• Sleeping on your side or you stomach is something you also should try.

 Research all that you can on alternative cures for sleep apnea there a good chance something might help.

Feel free to comment and please subscribe to my RSS Feed



Sunday, February 13, 2011

What sleep apnea does to the heart?

Sleep apnea is becoming a growing problem in this country and it is probably due to obesity. It seems strange because at the same time the idea of living a healthy lifestyle and eating well-balanced meals are also getting a lot of press. One of the reasons is that as a population we are growing older and unfortunately fatter. Of course gaining weigh will bring on more sickness and more visits to the doctor’s office. And we all know about how high the cost of healthcare is today so anything to eliminate those doctors’ visits is a good thing. Everyone knows or are finding out that not dealing with sleep apnea can have a profound effect on your life. Less sleep can effect your personality as well as your general thought process but probably the biggest effect is what it does to your heart.

When you have sleep apnea there is a blockage in the back of your throat that causes you to stop breathing. The brain recognizes this lack of oxygen and forces you to awake. With those with sleep apnea this could happen as many as thirty times or more an hour in the worse cases. All that disruption of breathing can take a real toll on your heart. Without sleep apnea your heart pumps heart continuously, unfortunately if you have it this process is slowed down, causing your heart to get less oxygen, which it needs to function. Over a period of time this can increase your chances of heart disease and high blood pressure.

If you are able to use a CPAP then you can turn around this destructive pattern if that doesn’t work check with your doctor for other types of treatments.

Feel free to comment and please subscribe to my RSS Feed


Wednesday, February 9, 2011

What is AHI?

 If you are familiar with sleep apnea then you know that the problem that you have is waking up during the night due to a blockage of the airway in the back of the throat. The brain senses that the intake of oxygen has stopped and you are immediately awaken to breathe again. This could occur hundreds of times each night depending on how bad your blockage is. But how do you know how bad your sleep apnea is? The way to find out the severity of your sleep apnea is by having a sleep study where your sleep or lack of it is monitored closely. By the end of the night your AHI or apnea-hypopnea index determines your level of sleep apnea.

What is Apnea-hypopnea Index?

AHI is the number of times that your sleep and breathing is interrupted during the night. During the sleep study you are hooked up to many wires that monitor your sleep. A sleep technician in another room watches you sleep and also watches the AHI and other indexes. The AHI is actually the addition of the number of apnea, which are the total cessation of breathing and hypopnea which is the partial obstruction of breathing.

What is AHI used for?

The AHI number will be used to show how severe your sleep apnea is and it will also help determine what kind of treatment you will need. A mild sleep apnea is 5 to 15 events per hour during the evening, a moderate is 15 to 30, while a severe sleep apnea is greater than 30. By using these ranges the doctor will be able to establish the course of treatment.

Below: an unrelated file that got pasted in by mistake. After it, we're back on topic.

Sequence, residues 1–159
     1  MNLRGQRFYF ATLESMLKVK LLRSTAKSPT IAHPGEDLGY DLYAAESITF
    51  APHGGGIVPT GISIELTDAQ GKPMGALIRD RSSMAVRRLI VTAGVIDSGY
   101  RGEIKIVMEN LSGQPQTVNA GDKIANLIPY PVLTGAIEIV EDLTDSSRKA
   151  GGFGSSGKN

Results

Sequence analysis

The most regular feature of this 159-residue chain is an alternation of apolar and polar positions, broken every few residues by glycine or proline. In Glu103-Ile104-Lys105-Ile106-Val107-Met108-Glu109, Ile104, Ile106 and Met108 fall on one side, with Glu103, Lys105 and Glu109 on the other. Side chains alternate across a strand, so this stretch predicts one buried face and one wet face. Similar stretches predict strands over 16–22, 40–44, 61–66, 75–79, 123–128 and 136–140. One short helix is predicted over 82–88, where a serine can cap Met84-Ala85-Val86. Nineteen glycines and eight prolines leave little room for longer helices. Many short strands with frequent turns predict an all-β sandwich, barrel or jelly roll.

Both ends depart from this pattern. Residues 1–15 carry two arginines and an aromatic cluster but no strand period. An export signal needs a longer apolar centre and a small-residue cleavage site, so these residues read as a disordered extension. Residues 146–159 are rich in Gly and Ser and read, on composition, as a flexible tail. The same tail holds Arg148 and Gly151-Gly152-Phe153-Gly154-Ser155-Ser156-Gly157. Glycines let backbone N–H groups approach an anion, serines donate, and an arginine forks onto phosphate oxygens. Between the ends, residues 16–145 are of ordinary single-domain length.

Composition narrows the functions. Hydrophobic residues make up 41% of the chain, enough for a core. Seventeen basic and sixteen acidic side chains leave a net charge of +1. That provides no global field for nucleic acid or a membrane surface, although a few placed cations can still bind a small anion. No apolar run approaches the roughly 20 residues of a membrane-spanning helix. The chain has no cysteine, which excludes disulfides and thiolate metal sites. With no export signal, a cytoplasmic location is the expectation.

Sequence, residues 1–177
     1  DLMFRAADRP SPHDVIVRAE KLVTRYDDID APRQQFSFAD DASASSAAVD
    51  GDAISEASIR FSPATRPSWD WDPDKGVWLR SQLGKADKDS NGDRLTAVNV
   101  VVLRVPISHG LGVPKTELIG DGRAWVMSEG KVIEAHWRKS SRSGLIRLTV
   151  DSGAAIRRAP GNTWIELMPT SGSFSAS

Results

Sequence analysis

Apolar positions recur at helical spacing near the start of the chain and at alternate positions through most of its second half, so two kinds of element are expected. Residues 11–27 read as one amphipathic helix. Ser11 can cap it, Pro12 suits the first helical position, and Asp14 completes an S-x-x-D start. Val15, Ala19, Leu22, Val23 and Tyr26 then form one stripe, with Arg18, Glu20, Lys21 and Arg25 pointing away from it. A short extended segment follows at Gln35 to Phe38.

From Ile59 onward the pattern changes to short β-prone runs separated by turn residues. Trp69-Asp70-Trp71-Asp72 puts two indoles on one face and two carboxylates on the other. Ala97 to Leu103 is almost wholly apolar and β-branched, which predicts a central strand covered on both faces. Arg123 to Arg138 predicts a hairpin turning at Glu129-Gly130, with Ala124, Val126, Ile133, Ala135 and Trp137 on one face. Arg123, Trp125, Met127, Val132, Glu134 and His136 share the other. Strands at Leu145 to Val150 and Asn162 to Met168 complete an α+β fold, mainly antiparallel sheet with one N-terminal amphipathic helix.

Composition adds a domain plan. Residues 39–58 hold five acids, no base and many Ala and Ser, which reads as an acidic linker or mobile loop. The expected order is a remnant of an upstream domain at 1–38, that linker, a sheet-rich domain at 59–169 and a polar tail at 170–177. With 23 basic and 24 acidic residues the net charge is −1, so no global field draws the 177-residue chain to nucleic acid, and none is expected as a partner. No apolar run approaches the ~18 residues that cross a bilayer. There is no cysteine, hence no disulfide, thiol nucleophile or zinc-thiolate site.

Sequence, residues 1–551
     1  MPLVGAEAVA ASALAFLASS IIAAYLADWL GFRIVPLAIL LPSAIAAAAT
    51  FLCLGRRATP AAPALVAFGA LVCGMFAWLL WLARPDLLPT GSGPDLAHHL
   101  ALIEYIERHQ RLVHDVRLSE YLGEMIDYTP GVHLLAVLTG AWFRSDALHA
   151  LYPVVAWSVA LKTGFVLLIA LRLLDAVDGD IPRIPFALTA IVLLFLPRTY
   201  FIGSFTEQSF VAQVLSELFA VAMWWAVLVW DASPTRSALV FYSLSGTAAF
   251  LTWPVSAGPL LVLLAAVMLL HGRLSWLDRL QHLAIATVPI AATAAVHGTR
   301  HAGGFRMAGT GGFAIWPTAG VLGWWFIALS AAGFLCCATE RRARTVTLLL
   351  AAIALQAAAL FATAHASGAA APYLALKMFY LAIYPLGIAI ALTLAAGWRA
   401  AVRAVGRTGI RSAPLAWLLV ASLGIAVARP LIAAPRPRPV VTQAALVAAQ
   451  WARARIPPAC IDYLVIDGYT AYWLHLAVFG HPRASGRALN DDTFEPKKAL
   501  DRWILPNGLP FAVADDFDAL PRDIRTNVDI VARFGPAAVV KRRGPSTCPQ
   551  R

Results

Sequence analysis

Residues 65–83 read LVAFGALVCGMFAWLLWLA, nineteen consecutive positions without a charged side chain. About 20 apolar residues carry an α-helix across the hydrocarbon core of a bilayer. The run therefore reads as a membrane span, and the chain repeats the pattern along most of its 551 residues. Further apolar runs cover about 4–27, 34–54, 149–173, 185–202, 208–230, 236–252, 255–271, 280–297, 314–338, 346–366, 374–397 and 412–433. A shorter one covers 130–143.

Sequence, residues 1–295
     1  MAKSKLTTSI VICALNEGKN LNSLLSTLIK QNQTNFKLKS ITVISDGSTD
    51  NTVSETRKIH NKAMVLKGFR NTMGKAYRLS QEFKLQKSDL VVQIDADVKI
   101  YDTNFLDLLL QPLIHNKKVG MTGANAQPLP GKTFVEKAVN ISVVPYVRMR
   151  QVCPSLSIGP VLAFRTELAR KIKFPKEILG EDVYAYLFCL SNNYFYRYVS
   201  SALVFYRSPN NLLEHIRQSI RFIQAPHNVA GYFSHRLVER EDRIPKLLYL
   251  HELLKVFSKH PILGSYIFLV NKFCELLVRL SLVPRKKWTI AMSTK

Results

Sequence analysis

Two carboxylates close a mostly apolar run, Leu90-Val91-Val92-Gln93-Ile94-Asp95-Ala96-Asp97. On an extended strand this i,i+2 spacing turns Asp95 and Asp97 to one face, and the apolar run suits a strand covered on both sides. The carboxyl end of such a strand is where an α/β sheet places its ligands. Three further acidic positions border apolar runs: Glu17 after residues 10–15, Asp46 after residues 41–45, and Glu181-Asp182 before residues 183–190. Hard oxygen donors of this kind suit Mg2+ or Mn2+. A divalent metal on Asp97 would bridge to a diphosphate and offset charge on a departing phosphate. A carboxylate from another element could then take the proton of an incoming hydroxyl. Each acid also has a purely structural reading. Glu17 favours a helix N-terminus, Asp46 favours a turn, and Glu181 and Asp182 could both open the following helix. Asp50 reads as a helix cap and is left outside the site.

Feel free to comment and please subscribe to my RSS Feed


Sunday, February 6, 2011

Does the brain help with sleep apnea?

The body seems to make adjustments when things are going right. When you are scared the body releases chemicals to fight off the terror. Or when you get hurt the body releases endorphins to help with the pain and injury. So what does the body do when you are suffering from sleep apnea? You stop breathing and the brain goes into panic mode and wakes you up. But according to a new study by the University of Toronto the brain also releases a chemical called noradrenaline that helps the brain learn more effectively.

The article goes on to state that the brain forces the respiratory muscles to work harder as we struggle with sleep apnea. Apparently the chemical noradrenaline helps all this to occur. Which brings up an interesting question what if there was a medication that increased the level of noradrenaline? If all that were worked out you have a drug to help with sleep apnea. Of course all this would take time to happen, way in the future.

That is really interesting because I always wondered how people, myself included, could go on with the little amount of sleep that we have. Don’t get me wrong, I still don’t get enough sleep but their findings are interesting. Hopefully something will come of this.

Feel free to comment and please subscribe to my RSS Feed


Wednesday, February 2, 2011

CPAP and medications

Most folks who have sleep apnea know that it is a bad idea to take sleeping pills of any kind. The last thing that you want to do is to make the tissue in the back of your throat more relaxed then it usually is. But what if you have been using a cpap machine and you have been reasonably successful in getting used to it but you still can’t fall asleep. Can you use any kind of sleeping pill or other sedatives to help you go to sleep with sleep apnea?

When I did a search for information about if sleeping pills can be used I found the following answer on Someone wrote in on a forum and Doctor David Rappoport responded with the following answer “If you're using your CPAP, taking a mild sleeping pill to deal with mask discomfort and help you fall asleep is safe, as long as you keep the mask on. However, if you remove the mask—say, you get up in the middle of the night and, because you've taken a sleeping pill, you're groggy and inadvertently forget to put the mask back on—your sleep apnea will worsen.”

I wish that I had known about this when I was struggling with my CPAP and BIPAP; it certainly would have made a difference if I had a little help falling asleep. Of course if you are using a CPAP make sure you check with your doctor before taking any kind of sedative.

Feel free to comment and please subscribe to my RSS Feed